CALIFORNIA | LOCAL
July 7, 2009 | Stephen Braun
Driven, cerebral and pugnacious, Robert S. McNamara was the preeminent policymaker behind the massive buildup of American forces in Vietnam between 1964 and 1968. As Defense secretary for two administrations, he wielded blizzards of facts and figures to press the case for deploying military advisors and then ground troops to counter the advance of communist forces in North Vietnam and Viet Cong guerrillas in South Vietnam.
NEWS
June 21, 1997 | Associated Press
Former Defense Secretary Robert S. McNamara and others who waged war in Vietnam came together Friday to examine why the fighting dragged on for so long. Former warriors, scholars and political analysts met here in the Vietnamese capital to compare notes on why peace initiatives failed and the United States became entangled in a war McNamara has since called unwinnable. "We each could have achieved our geopolitical objectives without a terrible loss of life," McNamara told the Associated Press.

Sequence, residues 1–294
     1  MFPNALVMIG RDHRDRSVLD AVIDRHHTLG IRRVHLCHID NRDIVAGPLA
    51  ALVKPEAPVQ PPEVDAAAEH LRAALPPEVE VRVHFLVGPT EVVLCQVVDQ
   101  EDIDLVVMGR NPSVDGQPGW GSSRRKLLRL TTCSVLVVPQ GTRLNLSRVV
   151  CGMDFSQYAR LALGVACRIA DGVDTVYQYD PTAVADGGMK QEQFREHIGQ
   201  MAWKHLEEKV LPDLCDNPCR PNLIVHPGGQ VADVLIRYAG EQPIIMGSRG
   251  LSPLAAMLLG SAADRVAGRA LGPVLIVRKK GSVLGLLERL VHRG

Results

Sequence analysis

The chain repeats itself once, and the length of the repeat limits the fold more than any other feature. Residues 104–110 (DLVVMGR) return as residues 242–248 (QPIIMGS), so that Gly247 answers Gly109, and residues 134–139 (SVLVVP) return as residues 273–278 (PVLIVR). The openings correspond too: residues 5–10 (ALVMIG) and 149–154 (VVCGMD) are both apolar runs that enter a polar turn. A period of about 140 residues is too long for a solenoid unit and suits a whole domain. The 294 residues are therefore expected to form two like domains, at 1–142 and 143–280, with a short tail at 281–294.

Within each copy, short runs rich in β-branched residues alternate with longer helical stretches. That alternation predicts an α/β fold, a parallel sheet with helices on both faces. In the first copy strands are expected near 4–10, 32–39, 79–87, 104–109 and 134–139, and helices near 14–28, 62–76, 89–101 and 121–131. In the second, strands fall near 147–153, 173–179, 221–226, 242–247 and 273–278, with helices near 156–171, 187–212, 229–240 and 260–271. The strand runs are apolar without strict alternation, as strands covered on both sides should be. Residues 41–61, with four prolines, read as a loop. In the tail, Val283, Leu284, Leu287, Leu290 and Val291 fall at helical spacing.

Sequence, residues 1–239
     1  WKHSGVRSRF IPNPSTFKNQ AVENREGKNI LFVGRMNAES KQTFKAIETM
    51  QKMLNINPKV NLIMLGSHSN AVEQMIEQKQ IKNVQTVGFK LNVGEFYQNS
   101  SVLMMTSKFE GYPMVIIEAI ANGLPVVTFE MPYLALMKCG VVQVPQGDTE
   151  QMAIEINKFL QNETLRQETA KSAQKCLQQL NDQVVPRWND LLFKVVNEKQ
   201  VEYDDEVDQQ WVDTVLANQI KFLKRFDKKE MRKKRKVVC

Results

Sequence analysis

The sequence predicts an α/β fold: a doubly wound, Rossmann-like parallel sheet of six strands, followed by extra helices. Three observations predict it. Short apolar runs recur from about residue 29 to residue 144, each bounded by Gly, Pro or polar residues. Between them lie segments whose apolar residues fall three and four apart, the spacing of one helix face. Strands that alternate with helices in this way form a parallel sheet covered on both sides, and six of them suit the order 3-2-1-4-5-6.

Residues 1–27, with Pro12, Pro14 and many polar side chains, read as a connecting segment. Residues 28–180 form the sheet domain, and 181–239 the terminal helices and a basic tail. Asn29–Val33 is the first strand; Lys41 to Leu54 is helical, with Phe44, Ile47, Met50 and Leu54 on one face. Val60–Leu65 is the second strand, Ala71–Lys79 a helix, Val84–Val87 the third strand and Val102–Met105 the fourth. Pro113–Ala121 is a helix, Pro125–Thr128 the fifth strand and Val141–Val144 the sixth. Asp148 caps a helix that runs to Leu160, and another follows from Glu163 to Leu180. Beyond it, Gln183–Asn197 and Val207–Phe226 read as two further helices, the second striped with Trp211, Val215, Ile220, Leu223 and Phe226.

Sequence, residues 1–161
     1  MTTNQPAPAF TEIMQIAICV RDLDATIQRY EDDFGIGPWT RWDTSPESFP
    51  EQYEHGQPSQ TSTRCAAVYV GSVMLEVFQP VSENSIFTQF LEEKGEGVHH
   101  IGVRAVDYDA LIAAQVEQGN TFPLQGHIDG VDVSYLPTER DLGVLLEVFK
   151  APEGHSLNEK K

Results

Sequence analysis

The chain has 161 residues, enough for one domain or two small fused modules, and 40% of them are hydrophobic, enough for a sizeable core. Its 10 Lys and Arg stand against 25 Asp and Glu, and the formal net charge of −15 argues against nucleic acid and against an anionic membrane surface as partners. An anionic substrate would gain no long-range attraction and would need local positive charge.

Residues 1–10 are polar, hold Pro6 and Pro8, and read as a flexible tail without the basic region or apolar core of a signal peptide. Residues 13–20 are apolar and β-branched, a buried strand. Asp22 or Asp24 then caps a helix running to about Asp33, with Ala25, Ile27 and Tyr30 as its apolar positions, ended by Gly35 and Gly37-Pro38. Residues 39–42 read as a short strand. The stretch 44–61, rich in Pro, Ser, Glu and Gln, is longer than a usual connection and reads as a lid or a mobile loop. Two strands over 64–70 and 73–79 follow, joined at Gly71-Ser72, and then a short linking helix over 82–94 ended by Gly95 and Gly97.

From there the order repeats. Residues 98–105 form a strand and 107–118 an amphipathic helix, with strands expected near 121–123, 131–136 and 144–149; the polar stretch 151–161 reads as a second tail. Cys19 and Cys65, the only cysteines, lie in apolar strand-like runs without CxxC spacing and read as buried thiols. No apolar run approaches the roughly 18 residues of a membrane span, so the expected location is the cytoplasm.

NEWS
April 16, 1995 | JACK CHEEVERS, TIMES STAFF WRITER
By the time his tour of duty as an Army medic in Vietnam ended in 1966, Earl Clarkson says, he was "a dead zombie with a smile on." Coming home, he struggled with frequent bouts of depression. He tried to kill himself twice. He broke his wife's nose in a spasm of uncontrollable rage. He had nightmares and flashbacks of Vietnam so vivid, he says, that he could "smell the monsoon rains." So when he read news accounts about how former Defense Secretary Robert S.
CALIFORNIA | LOCAL
April 29, 1995 | LILY DIZON, TIMES STAFF WRITER